Real Estate Investing 101

Real estate has become a prevalent investment vehicle, especially in hot markets like Vancouver. It's essential to understand the different types of real estate investments you can be involved in and their benefits.

Principal Residence

When you purchase your principal residence (the home you live in), you are hoping the value of that home appreciates over time. When this happens, you build equity. Equity is the value of your financial interest in the property. See below for an example:

Purchase Price: $1,000,000
Mortgage Loan (80%): $800,000
Down Payment (Equity): $200,000

After a couple of years: You have paid down a portion of your mortgage, and the remaining balance is $750,000. At the same time, the value of your home has increased to $1,100,000. Your equity has grown to $350,000 ($1,100,000 - $750,000). Your initial investment was $200,000; now, you can sell the property and receive $350,000. That's a 75% ROI.

Rental Property

Rental properties are a great way to generate cash flow. The amount of cash flow mostly depends on the location of the property. Rental properties typically do very well near city centres, transit hubs, educational institutions, and shopping/grocery malls. 

Being a landlord is very hands-on. You'll be responsible for paying the mortgage, property taxes, and insurance, maintaining the property, finding tenants, and dealing with any problems. You can hire a property management company to find and manage tenants. However, they will charge a fee, and it's crucial to find one that's trustworthy and reputable. 

You can also benefit from property value appreciation. Similar to a principal residence, the value of your property may increase over time. Typically, if you are generating high cash flow, appreciation will be slower, and vice versa. Finding a location with solid cash flow and appreciation can be very tough. Decide which you prefer more before beginning your search for a property, income or growth.

Flipping Properties

Real estate flippers are short-term investors. They typically hold a property for a few months and then sell it for a profit. The primary way to profit from these properties is by adding value. For example, a flipper may purchase a run-down property and renovate it before listing it on the market for a higher price.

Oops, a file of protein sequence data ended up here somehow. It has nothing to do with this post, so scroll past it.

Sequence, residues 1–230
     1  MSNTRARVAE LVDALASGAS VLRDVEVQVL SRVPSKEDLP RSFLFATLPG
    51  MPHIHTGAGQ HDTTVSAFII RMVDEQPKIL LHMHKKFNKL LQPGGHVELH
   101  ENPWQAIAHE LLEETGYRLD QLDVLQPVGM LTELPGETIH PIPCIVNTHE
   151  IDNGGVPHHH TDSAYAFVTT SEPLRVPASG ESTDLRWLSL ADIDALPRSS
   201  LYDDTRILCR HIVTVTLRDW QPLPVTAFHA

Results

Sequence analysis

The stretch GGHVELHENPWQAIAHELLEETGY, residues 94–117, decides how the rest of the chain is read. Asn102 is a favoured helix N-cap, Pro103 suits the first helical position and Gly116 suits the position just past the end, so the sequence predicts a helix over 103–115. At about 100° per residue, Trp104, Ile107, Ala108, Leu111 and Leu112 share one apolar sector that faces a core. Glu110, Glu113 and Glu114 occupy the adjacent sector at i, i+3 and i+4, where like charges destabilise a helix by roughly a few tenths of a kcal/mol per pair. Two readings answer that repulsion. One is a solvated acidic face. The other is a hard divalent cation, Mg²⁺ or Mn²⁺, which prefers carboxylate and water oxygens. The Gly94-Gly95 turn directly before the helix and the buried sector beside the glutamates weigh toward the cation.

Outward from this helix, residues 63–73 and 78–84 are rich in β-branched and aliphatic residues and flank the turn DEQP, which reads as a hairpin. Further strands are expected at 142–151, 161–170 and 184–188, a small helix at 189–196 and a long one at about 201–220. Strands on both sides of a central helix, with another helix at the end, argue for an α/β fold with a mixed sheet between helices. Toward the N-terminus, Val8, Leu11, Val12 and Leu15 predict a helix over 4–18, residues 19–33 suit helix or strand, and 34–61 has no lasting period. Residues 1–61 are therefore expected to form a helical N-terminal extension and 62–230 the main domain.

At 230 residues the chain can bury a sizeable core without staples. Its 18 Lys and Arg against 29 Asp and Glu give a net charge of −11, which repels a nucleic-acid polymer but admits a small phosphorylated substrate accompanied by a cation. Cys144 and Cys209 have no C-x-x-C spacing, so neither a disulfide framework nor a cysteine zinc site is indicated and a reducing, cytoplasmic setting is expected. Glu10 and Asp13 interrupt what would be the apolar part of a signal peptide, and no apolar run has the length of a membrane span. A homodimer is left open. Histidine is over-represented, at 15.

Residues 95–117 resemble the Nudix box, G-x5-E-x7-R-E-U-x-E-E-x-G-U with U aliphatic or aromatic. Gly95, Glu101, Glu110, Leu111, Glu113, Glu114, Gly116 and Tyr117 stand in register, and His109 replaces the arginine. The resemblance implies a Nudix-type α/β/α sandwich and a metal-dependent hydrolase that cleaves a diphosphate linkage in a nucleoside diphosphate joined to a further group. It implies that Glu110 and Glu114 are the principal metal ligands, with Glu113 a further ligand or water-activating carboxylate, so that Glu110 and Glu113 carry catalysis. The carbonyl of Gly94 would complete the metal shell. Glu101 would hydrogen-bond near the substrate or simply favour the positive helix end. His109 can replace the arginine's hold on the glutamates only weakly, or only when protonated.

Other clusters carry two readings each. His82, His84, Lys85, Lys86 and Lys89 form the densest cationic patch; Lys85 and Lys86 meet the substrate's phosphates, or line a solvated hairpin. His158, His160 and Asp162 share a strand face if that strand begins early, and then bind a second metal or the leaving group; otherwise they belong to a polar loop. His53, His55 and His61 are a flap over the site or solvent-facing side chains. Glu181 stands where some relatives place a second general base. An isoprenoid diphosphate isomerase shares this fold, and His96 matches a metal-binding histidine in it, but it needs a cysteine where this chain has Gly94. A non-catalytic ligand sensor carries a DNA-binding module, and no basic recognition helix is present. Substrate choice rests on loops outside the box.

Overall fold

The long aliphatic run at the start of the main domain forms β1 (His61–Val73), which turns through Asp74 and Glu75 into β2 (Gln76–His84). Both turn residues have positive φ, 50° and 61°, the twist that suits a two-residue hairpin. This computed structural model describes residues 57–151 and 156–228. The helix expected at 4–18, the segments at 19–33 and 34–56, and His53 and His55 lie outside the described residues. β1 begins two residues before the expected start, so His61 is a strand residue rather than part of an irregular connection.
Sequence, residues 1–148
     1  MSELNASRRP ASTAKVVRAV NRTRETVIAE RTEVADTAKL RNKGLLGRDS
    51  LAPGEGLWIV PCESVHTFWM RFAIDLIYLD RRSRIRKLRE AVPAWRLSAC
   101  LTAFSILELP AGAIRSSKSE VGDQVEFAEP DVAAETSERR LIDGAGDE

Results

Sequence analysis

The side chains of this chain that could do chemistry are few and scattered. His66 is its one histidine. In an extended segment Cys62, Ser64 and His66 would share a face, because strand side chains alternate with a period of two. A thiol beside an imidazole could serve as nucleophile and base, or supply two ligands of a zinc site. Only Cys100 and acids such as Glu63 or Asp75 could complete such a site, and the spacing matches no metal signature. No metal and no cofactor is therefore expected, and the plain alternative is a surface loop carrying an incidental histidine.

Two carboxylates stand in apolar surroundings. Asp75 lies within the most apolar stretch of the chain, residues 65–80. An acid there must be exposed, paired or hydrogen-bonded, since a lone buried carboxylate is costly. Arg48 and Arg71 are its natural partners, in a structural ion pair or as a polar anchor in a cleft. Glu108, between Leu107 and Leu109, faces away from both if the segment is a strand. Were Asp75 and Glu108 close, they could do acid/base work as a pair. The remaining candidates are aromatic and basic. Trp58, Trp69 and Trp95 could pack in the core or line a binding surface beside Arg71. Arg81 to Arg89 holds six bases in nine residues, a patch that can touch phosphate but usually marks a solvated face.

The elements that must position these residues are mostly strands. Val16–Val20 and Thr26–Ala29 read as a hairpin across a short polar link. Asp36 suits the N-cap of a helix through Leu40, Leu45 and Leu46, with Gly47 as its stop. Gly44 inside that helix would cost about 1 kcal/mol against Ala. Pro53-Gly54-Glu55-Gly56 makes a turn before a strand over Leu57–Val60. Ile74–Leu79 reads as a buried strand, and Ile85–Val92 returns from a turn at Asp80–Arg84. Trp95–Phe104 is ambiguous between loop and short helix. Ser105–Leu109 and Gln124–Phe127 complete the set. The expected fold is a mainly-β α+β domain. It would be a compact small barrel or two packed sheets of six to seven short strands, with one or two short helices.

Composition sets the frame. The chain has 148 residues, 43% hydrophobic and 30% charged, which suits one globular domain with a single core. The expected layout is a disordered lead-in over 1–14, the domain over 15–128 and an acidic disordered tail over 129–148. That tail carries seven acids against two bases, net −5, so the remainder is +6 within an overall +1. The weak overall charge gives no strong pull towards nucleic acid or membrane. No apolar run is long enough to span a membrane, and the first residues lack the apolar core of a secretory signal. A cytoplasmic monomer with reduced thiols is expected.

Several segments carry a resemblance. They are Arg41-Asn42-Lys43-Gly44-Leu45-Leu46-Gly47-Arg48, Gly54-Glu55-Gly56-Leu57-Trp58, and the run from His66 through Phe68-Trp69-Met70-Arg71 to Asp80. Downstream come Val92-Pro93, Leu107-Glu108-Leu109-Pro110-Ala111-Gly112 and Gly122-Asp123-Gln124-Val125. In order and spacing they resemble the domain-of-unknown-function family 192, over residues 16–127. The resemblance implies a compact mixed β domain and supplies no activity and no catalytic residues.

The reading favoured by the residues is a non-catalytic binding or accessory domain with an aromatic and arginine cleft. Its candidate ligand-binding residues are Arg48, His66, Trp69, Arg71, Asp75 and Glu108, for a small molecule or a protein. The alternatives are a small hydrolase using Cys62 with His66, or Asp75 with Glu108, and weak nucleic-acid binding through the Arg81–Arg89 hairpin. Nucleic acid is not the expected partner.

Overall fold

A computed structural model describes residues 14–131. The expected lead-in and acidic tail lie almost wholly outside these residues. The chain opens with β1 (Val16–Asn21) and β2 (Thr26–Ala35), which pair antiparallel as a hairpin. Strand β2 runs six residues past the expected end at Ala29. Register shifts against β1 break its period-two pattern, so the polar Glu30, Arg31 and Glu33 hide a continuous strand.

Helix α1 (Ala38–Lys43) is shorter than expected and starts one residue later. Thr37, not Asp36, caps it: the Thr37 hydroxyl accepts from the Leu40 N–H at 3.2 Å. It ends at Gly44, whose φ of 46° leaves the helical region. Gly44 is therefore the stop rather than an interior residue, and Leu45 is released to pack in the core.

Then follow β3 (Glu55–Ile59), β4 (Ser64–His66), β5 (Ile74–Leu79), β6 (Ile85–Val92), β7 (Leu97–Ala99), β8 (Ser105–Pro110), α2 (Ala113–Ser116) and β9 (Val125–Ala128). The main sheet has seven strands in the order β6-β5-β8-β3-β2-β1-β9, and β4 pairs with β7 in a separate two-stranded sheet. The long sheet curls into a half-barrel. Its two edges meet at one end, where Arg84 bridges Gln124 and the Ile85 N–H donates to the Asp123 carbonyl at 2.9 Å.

Another way of making money from flipping is by buying and selling properties in a rapidly rising market. Instead of adding value by renovating, you hold the property for a few months during an uptrend and then sell it for a profit. 

Flipping real estate can be a lucrative business if done carefully. You need the capital for improvements, a network of contractors, and enough funds to hold the property if it doesn't sell. 


A Real Estate Investment Trust (REIT) is a company that owns, operates, or finances income-generating real estate. You can buy units (shares) in this company as an individual investor. REITs are traded on exchanges, meaning you can buy and sell them like stocks and ETFs. This makes REITs a very liquid investment, unlike physical real estate.

REITs invest in most real estate property types, including apartment buildings, cell towers, data centers, hotels, medical facilities, offices, retail centers, and warehouses. Some of the largest REITs in Canada are Canadian Apartment Properties REIT (CAR.UN), RioCan REIT (REI.UN), and Granite Real Estate (GRT.UN).

REITs generate a steady income stream for investors but offer little in the way of capital appreciation, much like regular dividend-paying stocks. Their dividends are fueled by the stable stream of contractual rents paid by the tenants of their properties. U.S. REITs must pay out 90% of taxable income as shareholder distributions vs. a 100% rule for Canadian REITs.


All three real estate investment vehicles have their pros and cons. It would be best if you considered the following before deciding which one is right for you:

  1. Capital: How much money do you have to invest?
  2. Financing: Do you qualify for a mortgage?
  3. Timeline: How soon do you want to earn a return and cash out?
  4. Risk Appetite: Are you a risk taker, risk-averse, or in-between?
  5. Goal: Are you seeking steady income or equity growth?